The hottest tech trends of IFA 2010

3rd Sep 2010 | 16:33

The hottest tech trends of IFA 2010

It's tempting to say 3D, 3D and 3D. But there's more...

UPDATE: Check out our IFA 2011 page for news on this year's show.

Every September, Berlin plays host to Europe's biggest gadget show, the Internationale Funkausstellung (aka IFA).

The gargantuan halls of the Messe Berlin are transformed into an Aladdin's cave of gadgetry you can look at, but rarely buy – 3D TVs, tablet computers, laptops, more 3D TVs, portable media players, Blu-ray players and even more 3D TVs.

No prizes for guessing what the dominant trend this year is...

All hail 3D TV!

Back in 2009, the big tech companies were desperate to convince us that 3D TV was more than just a techno-fad. It was a difficult sell, especially when 3D content was thin on the ground – no 3D telly channels available, no 3D gaming, no 3D Blu-ray.

A year on, the flag-waving for 3D TV is just as vigorous. Sky is inching towards the launch of its first 3D channel, while Eurosport has announced that a dedicated 3D sports channel is on the way. The PlayStation 3 will finally get its Blu-ray 3D update by Christmas, while Blu-ray 3D players and HDMI 1.4-compliant cables are becoming readily available.

Every HD TV-builder worth its salt now has a premium 3D ready range with a premium price tag to match. But only a few stand truly out from the crowd. Philips, for example, has upgraded its 9000-series HD TVs to make them 3D friendly. But it's the company's unique Cinema 21:9 model that catches the eye.

Cinema 21:9

Similarly, while LED backlighting is becoming the norm, LG's LEX8 'Nano LED' 3D TV uses a thin film punctured with tiny holes to more evenly diffuse the light from the LED array. Meanwhile, Sharp has evolved its quad-pixel Quattron model to include 3D compatibility.

There's also more of an interest in 'glasses-free' 3D TV this year. Philips has long championed the lenticular technology and has another impressive demo at IFA this year. Toshiba is also reportedly taking an interest in the glasses-free approach. Nintendo is using similar lenticular lenses in the forthcoming 3DS handheld, while engineering firm Rockchip has incorporated the technology into a 3D tablet PC prototype.

Internet TV cometh

Not only will your next TV be 3D ready, it will also be able to access the Internet, play YouTube videos, display your Twitter account and stream content from the BBC iPlayer. You can already buy HD TVs with this technology built-in. However, the web widgets are often sluggish, rudimentary and hardly comparable with the internet experience you can get on a computer or smartphone.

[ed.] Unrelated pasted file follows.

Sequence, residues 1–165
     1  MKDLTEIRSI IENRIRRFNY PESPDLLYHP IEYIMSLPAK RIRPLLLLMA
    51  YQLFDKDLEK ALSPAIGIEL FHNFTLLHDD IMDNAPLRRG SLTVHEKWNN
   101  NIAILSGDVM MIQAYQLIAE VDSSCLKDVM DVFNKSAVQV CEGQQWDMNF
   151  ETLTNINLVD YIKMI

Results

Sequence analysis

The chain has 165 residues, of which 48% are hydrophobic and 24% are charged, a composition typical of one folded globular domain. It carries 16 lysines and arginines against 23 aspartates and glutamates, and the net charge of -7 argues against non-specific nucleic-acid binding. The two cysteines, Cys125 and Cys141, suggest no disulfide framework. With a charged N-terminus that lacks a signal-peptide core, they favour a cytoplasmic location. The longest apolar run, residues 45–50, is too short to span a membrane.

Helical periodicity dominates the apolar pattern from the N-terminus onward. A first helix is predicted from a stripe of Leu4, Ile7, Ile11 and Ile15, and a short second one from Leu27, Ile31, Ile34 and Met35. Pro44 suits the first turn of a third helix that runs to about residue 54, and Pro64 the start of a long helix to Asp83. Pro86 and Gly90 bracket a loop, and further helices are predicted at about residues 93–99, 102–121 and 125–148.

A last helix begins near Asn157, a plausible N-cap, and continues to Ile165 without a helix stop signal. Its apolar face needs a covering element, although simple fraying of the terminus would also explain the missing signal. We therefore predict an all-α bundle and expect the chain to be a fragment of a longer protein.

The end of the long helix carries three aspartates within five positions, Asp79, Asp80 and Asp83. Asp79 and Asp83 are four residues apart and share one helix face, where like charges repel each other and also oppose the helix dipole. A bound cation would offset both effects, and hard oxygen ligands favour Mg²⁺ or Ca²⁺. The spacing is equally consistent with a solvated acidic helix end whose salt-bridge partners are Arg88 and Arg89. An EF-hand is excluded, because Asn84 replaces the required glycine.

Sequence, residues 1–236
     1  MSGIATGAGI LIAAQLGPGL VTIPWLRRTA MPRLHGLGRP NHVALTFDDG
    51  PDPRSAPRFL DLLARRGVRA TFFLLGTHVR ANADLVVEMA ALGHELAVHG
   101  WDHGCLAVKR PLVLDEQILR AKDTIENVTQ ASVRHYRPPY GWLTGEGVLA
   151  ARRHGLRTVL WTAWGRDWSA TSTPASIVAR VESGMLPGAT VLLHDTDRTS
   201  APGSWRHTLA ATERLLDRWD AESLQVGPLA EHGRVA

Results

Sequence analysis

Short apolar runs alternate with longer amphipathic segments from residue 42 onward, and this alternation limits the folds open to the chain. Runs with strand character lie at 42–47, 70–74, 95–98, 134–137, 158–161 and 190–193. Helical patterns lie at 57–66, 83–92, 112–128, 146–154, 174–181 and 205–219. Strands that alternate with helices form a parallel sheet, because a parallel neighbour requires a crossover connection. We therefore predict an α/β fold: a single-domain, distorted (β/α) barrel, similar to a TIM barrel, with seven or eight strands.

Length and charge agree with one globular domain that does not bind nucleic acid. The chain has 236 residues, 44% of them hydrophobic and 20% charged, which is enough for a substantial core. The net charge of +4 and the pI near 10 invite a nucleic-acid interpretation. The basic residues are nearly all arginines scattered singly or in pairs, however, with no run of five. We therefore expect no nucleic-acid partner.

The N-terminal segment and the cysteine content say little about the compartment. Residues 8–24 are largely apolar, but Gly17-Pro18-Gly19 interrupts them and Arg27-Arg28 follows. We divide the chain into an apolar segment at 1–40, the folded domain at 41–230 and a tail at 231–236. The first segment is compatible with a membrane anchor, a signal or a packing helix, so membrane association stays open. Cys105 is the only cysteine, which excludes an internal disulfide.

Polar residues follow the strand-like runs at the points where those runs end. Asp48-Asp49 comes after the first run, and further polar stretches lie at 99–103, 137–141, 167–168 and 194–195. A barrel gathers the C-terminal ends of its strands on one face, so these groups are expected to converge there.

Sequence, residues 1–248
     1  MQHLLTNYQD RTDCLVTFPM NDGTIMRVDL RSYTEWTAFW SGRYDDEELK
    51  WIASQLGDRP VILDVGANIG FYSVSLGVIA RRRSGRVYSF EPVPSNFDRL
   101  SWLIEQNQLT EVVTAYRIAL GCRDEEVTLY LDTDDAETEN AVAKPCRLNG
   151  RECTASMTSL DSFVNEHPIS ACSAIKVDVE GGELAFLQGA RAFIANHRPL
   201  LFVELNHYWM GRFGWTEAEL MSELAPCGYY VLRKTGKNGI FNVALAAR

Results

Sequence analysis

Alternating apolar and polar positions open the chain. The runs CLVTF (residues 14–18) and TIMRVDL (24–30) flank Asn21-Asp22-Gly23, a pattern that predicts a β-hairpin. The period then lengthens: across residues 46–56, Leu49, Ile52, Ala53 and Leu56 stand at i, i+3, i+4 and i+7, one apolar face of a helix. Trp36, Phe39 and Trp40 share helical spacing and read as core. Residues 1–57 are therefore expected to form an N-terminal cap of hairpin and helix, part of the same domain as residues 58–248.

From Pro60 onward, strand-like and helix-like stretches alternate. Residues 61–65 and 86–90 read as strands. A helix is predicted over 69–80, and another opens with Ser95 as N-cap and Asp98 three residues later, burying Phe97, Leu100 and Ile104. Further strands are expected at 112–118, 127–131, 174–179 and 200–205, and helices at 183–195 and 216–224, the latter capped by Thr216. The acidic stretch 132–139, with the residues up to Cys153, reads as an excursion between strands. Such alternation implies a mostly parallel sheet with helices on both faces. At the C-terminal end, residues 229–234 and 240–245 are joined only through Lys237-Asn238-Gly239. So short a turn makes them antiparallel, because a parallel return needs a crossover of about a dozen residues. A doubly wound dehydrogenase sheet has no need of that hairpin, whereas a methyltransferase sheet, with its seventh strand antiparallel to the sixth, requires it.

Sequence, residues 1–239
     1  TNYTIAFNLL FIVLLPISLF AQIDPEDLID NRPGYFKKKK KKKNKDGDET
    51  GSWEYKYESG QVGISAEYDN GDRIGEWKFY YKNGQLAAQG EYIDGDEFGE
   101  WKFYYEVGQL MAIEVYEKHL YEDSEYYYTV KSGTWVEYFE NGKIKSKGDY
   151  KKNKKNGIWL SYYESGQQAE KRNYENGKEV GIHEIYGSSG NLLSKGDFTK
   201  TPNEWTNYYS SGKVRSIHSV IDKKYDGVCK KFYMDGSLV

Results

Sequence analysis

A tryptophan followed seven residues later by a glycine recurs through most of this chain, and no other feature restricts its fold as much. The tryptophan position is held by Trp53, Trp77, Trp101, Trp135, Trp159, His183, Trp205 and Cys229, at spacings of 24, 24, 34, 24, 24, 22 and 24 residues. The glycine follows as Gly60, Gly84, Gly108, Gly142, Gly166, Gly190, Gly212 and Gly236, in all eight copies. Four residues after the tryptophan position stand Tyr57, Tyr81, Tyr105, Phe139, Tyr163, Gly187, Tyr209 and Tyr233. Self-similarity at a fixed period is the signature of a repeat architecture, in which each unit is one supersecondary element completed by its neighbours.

That's going to change. Web-connectivity has the potential to change the way we watch television in the future. Google, for example, is attempting to integrate its own Google TV solution into TVs, while Apple's relaunch of its Apple TV product takes a different technology tack. Both, however, have the same aim in mind: to enable users to search, browse and stream content, on demand to their living rooms.

Apple tv

Content is key. Apple is well positioned with iTunes; Panasonic is ambitiously expanding its Viera Cast system; while Sony's forthcoming Qriocity portal will offer music and movie streaming. Google TV has the potential to be as successful as Google Docs or as forgettable as Google Wave. The fact that it runs the Android OS opens up a whole range of dizzying possibilities as apps can be the gateway to video and audio content, games and utilities.

Tablet PCs and iPad-jostlers

The Apple iPad has set the benchmark for every tablet PC, slate computer and smartpad to follow. It's not perfect, but the announcement of iOS4.2 will add new features and, while the current iPad might not feature a built-in camera for 'FaceTime', Apple will undoubtedly include it in version 2. Steve Jobs is the undisputed master of leaving his audience wanting more.

So rival tablet PC builders like Samsung, ViewSonic, Toshiba, Acer, LG and others don't have very long to design, test and launch their own keyboard-less devices. Samsung has taken the lead with The Galaxy Tab. Compared to the iPad, it has a smaller, lower resolution screen, but the good-looking tablet offers several advantages, including a memory card slot, two integrated cameras and Flash 10.1 support.

Viewpad 7

ViewSonic unveiled its ViewPad 7 and ViewPad 100 models at IFA, with the latter offering a dual boot feature for Android and Windows 7 Home Premium. Toshiba also revealed a tablet, dubbed the Folio 100, while Sony launched an updated version of its Reader device with a touch-sensitive display. There are more iPad wannabes to come.

Gadgets, gadgets, gadgets

Last year, IFA was much more fragmented and there were many more identifiable tech trends: wireless HD streaming; improved screen technologies like OLED and LED backlighting; web-connected TVs; 3D TVs; eco-friendliness and the end of the megapixel wars.

It's obvious from our coverage this year that 3D TVs and 3D Blu-ray players have dominated the show, with web connectivity and a new breed of tablet devices close behind. As for other gadgetry, several of the tech giants have launched new mini camcorders – Sony outed the Bloggie Touch, Samsung debuted the HMX-T10 and Toshiba has been showing off the Camileo S30 and P20.

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Liked this? Then check out IFA 2010: all the latest announcements.

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